SXSW Music: Wahid Allan Faqir
Pakistani’s Sufi devotionals heal the world one note at a time
By Greg Beets,
2:05PM, Sat. Mar. 19, 2016
You couldn’t help but notice Wahid Allan Faqir as he walked through the crowd prior to Friday’s showcase at the Russian House. Dressed in colorful scarves and a peacock-tailed turban, he emanated spiritual joy before sounding a note. He playfully engaged the audience as his quartet tuned up, making funny faces and gestures for the shutterbugs.
Hailing from Pakistan’s Sindh province, Faqir draws both his name and musical inspiration from Allan Faqir, a legendary Sufi folk singer who passed away in 2000. He speaks out against honor killings and recently defied threats of violence to perform in India. In keeping with the color of his garb, his energetic Sufi devotionals fomented deep-seated communion with the most redeeming elements of our shared humanness.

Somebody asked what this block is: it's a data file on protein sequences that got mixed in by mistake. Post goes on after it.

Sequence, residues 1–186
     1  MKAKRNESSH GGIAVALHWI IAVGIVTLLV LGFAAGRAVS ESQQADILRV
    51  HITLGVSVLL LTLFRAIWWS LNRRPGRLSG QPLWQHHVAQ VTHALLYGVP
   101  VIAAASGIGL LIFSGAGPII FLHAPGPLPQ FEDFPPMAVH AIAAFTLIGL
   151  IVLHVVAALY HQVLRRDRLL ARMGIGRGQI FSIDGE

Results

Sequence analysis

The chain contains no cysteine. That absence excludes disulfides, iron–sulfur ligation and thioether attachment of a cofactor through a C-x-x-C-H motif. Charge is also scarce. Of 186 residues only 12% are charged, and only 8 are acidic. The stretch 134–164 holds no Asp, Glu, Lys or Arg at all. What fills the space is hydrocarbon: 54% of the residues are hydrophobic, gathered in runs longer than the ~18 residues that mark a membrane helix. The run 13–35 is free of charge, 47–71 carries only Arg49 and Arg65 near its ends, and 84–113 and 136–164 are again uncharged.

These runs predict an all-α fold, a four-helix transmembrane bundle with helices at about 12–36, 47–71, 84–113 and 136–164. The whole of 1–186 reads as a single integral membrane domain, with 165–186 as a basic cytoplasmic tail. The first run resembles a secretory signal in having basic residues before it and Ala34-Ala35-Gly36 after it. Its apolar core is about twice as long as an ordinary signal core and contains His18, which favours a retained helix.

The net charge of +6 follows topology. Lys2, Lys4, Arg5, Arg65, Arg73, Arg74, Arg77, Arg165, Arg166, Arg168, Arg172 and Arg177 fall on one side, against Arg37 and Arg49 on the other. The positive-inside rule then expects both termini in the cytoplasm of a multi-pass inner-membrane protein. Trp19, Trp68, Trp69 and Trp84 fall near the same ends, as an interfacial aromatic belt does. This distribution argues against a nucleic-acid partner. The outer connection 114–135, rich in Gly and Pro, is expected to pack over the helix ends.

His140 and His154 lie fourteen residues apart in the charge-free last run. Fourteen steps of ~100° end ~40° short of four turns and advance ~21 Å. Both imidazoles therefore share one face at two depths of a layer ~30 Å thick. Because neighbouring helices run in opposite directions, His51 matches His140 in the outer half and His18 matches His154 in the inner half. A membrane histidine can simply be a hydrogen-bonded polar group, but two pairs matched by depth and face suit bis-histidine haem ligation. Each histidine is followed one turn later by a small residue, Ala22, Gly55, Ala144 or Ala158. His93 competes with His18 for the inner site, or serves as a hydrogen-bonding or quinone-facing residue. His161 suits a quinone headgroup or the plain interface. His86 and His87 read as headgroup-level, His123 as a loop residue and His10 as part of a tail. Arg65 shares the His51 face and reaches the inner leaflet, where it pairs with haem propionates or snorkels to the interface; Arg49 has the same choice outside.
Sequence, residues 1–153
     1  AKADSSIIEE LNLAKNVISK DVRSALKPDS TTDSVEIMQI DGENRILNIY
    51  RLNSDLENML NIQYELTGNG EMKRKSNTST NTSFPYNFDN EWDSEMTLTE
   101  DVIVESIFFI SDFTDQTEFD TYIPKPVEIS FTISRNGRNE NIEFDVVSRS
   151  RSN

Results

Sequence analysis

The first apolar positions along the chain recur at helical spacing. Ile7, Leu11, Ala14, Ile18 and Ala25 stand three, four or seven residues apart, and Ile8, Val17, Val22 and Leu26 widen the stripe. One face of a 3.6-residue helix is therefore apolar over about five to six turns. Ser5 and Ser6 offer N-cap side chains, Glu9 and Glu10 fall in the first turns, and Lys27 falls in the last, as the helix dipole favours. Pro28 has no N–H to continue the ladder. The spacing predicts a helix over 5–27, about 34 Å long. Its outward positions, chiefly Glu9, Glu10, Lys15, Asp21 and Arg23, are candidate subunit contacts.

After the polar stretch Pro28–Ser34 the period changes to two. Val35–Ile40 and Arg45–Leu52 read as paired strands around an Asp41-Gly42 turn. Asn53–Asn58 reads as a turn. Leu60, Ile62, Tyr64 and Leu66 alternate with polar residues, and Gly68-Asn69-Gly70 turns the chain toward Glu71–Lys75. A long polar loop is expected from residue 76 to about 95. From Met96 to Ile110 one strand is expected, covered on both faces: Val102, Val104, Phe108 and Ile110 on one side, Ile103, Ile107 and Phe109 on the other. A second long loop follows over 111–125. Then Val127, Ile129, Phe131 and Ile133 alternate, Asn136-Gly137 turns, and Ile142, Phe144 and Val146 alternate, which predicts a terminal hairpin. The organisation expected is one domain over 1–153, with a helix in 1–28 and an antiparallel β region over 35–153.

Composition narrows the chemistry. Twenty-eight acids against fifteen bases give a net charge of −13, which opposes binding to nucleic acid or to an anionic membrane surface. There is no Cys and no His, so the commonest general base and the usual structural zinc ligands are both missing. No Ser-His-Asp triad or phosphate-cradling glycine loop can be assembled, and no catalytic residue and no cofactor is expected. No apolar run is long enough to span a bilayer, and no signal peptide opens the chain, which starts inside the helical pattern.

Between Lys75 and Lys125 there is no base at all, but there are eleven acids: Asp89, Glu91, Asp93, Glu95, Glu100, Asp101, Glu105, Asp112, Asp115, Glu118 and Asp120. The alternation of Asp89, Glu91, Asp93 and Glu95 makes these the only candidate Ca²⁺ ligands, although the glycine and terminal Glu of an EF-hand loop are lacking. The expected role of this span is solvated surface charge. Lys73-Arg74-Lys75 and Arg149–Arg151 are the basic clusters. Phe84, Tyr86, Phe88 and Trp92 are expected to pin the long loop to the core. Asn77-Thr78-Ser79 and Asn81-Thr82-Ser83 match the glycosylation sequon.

The instrumental focal point in Faqir’s combo is the harmonium, a European product that spread rapidly upon its 19th century import during colonial rule. Woven together with intricate percussive patterns on the dholak and finger cymbals crashing together at speeds almost high enough to send out sparks, the resulting hybrid remains transcendent. On top of it all, the soaring and swooping vocal chants sound warm and inviting even if you don’t know the language or religion.
Smiling, whirling, and holding forth with his beautifully detailed one-string kingh, Faqir cultivated a sea of smiles. By set’s end, members of Azerbaijan’s equally magnificent Qarabagh Ensemble were dancing in unison at the foot of the stage. Maybe music alone can’t heal the world, but nights like these make it seem like a good place to start.